The Maritime History of the Great Lakes
Detroit Free Press (Detroit, MI), May 17, 1899

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Capt. J. W. Millen tells how the bow-screw ice-crusher came to be invented: "Back in the early '80's I was master of the tug Niagara, towing several schooners. Bound down we were caught in an ice pack off Buffalo, and could make no progress. I happened to back the boat, and found that it would go through it slowly backwards, so I worked her around, stern first, to Buffalo, and backed strong. The action of the screw pulled the water from beneath the ice, the ice dropped down, and the current from the wheel pulled it out of the way, so that it floated toward the bow. After she had gone some distance, I would ring to go ahead and, after giving her a little run-way, I would back strong into the ice again. In this way I managed to make a path into the harbor and towed the schooners in.

"A year or two later, the Michigan Central, Detroit, Mackinac & Marquette and Grand Rapids and Indiana roads arrived at the conclusion that they must have some kind of steamer to break ice and carry loaded cars across the Straits from Mackinaw to St. Ignace. Up to that time they had to depend only on the small ferry Algomah, with trans-shipments of freight and passengers at both termini. It was a slow and costly process, and the greater part of the freight and much of the passengers were diverted around by way of Chicago, a long, roundabout haul. I heard what was up and was struck with the idea that if the Niagara could do so well with her screw, a steamer could be built with a screw at both bow and stern that would have enormous power, large carrying capacity, and be able to go through almost any kind of ice in the Straits.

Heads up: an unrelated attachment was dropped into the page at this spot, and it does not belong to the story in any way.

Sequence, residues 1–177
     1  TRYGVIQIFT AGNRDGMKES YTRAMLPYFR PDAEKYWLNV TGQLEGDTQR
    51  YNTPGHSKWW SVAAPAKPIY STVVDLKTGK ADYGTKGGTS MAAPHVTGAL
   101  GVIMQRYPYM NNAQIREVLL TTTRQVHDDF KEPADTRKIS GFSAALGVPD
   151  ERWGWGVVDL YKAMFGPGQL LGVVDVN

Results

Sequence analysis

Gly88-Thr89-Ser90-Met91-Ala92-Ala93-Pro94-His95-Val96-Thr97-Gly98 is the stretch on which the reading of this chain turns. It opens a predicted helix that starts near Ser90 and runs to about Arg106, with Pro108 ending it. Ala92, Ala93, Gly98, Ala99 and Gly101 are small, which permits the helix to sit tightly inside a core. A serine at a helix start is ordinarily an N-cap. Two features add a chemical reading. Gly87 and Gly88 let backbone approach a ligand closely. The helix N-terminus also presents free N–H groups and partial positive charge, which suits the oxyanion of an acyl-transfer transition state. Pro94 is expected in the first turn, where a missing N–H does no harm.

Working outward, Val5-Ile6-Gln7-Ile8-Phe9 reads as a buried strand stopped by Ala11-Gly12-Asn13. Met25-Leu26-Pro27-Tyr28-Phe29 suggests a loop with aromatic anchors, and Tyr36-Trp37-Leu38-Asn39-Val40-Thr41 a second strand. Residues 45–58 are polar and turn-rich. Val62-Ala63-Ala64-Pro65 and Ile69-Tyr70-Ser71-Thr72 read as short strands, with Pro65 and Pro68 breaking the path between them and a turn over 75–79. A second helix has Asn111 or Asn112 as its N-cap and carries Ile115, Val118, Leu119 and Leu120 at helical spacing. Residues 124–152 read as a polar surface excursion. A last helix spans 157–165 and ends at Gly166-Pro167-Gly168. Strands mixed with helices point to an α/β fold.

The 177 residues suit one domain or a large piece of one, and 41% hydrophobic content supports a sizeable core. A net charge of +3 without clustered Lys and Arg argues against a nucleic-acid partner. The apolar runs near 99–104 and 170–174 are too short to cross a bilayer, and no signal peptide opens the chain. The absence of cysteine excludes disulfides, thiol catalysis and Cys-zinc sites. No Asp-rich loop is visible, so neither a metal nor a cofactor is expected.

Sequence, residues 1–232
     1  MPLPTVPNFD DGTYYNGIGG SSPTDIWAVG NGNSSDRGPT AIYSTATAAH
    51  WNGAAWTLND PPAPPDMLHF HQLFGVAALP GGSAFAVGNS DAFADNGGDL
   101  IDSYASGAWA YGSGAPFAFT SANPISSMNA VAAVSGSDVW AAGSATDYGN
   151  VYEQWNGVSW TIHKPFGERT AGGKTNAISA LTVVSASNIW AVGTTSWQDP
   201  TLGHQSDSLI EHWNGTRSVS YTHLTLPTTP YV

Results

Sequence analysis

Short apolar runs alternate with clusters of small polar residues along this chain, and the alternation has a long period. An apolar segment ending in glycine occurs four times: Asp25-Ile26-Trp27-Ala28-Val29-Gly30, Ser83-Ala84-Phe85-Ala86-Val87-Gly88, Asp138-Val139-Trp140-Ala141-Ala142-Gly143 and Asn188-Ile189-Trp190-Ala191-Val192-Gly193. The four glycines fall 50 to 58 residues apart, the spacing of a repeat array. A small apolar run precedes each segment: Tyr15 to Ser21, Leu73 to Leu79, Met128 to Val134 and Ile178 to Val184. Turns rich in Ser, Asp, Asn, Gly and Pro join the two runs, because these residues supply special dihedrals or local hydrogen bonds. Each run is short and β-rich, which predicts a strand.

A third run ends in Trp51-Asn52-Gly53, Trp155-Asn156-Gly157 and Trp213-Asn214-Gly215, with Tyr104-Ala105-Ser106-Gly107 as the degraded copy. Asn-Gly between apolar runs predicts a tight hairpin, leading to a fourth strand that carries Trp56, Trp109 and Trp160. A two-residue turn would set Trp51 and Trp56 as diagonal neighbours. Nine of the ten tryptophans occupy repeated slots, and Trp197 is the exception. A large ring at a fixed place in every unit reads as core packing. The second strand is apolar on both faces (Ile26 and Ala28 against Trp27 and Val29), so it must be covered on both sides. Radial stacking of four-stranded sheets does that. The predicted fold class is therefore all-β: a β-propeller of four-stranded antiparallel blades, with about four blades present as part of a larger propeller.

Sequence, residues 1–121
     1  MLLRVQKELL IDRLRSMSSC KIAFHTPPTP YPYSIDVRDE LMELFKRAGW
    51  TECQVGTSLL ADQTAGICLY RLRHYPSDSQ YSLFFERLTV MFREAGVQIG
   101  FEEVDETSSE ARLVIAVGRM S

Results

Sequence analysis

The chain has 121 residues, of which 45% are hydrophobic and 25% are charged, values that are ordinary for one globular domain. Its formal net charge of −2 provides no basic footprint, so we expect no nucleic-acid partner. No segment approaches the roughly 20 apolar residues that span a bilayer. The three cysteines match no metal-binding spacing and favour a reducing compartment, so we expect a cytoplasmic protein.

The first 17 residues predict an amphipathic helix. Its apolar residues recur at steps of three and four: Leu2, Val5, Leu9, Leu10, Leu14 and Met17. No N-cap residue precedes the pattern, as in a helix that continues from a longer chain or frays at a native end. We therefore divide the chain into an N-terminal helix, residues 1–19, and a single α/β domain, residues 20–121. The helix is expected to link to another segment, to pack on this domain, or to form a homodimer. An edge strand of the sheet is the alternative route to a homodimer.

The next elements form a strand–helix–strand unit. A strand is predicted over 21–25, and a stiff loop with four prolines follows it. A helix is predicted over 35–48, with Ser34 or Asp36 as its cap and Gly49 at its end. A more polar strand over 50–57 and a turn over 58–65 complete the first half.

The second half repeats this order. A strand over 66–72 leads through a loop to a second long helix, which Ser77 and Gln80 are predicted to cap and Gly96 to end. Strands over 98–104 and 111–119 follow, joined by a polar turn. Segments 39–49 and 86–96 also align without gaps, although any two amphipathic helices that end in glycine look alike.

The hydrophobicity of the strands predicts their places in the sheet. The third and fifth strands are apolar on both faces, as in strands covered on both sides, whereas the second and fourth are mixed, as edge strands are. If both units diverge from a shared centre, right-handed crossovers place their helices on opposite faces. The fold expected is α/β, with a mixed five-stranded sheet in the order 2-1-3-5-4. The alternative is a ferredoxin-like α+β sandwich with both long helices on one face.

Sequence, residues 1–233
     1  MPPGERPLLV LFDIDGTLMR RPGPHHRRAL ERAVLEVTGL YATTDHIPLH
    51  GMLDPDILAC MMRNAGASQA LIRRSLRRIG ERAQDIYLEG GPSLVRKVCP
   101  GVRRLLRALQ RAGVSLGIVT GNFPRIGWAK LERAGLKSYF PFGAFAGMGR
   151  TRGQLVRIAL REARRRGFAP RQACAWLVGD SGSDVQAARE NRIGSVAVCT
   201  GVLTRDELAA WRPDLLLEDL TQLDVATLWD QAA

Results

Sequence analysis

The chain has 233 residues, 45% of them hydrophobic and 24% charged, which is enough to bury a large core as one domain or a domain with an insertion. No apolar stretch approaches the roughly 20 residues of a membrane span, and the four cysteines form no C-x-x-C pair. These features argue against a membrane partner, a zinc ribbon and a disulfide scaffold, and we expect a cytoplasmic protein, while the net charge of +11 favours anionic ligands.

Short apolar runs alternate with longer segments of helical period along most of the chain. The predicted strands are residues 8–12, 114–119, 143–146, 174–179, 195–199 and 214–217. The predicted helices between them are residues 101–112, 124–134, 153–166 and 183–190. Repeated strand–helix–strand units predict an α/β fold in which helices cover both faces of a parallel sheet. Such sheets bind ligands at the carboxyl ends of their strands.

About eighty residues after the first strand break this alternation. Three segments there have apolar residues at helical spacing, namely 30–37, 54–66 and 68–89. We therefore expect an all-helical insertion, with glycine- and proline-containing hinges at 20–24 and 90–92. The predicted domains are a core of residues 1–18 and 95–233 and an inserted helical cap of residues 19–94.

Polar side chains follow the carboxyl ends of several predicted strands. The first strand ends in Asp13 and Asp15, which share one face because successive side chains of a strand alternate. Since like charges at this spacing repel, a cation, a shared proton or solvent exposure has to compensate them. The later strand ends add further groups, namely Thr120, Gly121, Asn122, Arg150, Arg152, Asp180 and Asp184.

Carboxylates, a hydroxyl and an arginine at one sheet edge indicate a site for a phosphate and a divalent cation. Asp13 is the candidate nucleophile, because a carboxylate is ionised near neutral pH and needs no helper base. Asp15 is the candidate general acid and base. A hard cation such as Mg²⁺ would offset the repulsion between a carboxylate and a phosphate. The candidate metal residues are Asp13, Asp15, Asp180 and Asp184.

"I had a talk with D. McCool, at that time general superintendent of the Mackinac & Marquette road, and he fell in with the idea. Together we went to President Ledyard, of the Michigan Central road, with the scheme. At first he opposed it, but we talked him into it. The three roads began figuring with the Detroit Dry Dock Co., and the price which had first been fixed at $75,000, was gradually raised because of the changing ideas of the managers, until it reached $285,000, and at that figure the contract to build the St. Ignace was given. We all know what a great success she has been, and the larger and more powerful one that followed - the Ste. Marie.

"I am not in the habit of claiming credit for what does not belong to me. This, I claim, is my discovery, and the only mistake we made was in not having it patented. If we had the Russians might now be paying royalties on the bow-screw of its big ice-crusher at work in the Baltic sea."

Media Type:
Item Type:
NIAGARA (US# ) was a 276 ton wooden tug of great power and was skippered by Capt. Millen for the Detroit Transportation Co., a company of which he was part owner. He retired from sailing in 1882 and later became president of the Lake Carriers' Association (1897). He died in 1906.
The big wooden carferry ST. IGNACE (US#116191, 1199 gt) was the marvel of the age when built, and served until 1913. The wooden carferry SAINTE MARIE (US#166574), 679 gt, served as a Straits ferry opposite ST. IGNACE from her building in 1893 until she was replaced by the famed steel CHIEF WAWATAM in 1911. The CHIEF was 2990 gt.
Date of Original:
May 17, 1899
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Dave Swayze
Copyright Statement:
Public domain: Copyright has expired according to the applicable Canadian or American laws. No restrictions on use.
Maritime History of the Great Lakes
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Detroit Free Press (Detroit, MI), May 17, 1899